To empower queer women towards greater involvement and presence in the community
Advocacy for LBTQ women's rights at CEDAW
Sayoni was at the United Nations in Geneva in October 2017 to bring Singapore LBTQ women's issues to the forefront. The CEDAW Committee heard our concerns and raised recommendations related to LBTQ women in their Concluding Observations for the Singapore government.
Sayoni is a Singapore-based feminist, volunteer-run organisation that works to uphold human rights protections for queer women, including lesbian, bisexual and transgender women. We organise and advocate for equality in well-being and dignity regardless of sexual orientation, gender identity/expression and sex characteristics.

We believe that everyone has a part to play in improving the lives of LBTQ people. Donate or volunteer with us.

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Who do we look towards then? For assurance and support? Mom and dad?? I’ve never heard of parents telling their kids nostalgically about their dalliances with homosexuality when younger, in case they feel that they might be steering the children in the ‘wrong direction’. Our parents are usually the end of the line in such matters. That last frontier of coming out to overcome. Though they may be our role models for various aspects of our lives, in that one area which we struggle with the most… they are absent. We see in them the hetersexual, nuclear family model. Something which we find hard to imagine for ourselves, for we cannot force ourselves to love in the name of compliance and conformity. What is straight love if it ain’t genuine? No, our parents are not our role models as we come out of the closet.

If learning to accept yourself and living as a minority is hard enough. Well, newsflash: Love is harder.

All around us… in movies, TV shows, books and magazines…. straight love overflows in abundance. There are millions of fictitious scenarios for hetersexuals to model their love and dating life after. In fact, there is a whole slew of properly mandated, tried and tested, dating SOPs (standard operating procedures) and formulae for the average heterosexual. There are a thousand and one dating tips and articles in teenage magazines, fantasy stories of prince charming and his beauty in chick flick movies, and even great works of heterosexual romance in our study literature (shakespeare anyone?). There are so many role models for the heterosexual romance.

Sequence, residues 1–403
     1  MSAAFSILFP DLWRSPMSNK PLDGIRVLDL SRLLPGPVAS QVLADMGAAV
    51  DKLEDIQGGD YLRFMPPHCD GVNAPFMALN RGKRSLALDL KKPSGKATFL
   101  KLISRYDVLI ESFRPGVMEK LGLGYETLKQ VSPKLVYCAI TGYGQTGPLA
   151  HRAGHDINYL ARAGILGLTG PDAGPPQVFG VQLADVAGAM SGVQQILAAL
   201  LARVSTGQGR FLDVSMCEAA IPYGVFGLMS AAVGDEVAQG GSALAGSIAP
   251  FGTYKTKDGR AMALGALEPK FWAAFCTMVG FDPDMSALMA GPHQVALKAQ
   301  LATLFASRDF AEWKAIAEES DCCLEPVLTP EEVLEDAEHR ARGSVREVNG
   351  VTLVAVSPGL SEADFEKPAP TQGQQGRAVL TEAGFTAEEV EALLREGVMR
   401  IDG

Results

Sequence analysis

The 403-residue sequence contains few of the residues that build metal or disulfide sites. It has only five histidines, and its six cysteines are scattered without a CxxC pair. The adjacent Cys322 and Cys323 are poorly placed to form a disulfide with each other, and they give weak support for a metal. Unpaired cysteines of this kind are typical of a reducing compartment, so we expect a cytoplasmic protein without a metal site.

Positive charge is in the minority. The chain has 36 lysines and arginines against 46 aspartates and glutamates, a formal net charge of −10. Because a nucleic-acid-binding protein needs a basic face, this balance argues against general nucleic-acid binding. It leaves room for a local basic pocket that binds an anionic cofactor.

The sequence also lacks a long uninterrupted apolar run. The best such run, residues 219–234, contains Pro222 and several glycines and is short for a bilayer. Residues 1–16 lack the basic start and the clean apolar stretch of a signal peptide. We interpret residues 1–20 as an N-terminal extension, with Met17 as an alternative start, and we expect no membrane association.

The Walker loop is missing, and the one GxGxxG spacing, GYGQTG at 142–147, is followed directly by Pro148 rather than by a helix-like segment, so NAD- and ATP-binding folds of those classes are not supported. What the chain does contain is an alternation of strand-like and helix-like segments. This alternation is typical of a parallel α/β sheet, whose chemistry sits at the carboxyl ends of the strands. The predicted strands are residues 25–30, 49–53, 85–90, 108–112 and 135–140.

But what about the average GLBT? There is no social scripting for us to follow. That can be a good thing actually, as we do not have to follow stuffy social rules and can be creative in the way we date and love. But first and foremost, it leaves many of us confused and completely clueless about love. Yes, love. We feel its emotions and that painful tugging of the heart strings… We are all pros at being that silent, secret admirer, harbouring our love for another in the safe depths of the heart. But do we know anything about finding love? Chasing love? First of all, most of us (well, at least for me) have a hopeless gaydar. And unfortunately, teenage magazines aren’t particularly keen on publishing articles such as, “101 tips: How to tell if she bats for the other team”. Our straight peers and friends too, though they may be our role models for academic excellence or atheletism, aren’t that helpful when it comes to lesbian dating. (How would they know?) We have no role models when it comes to love….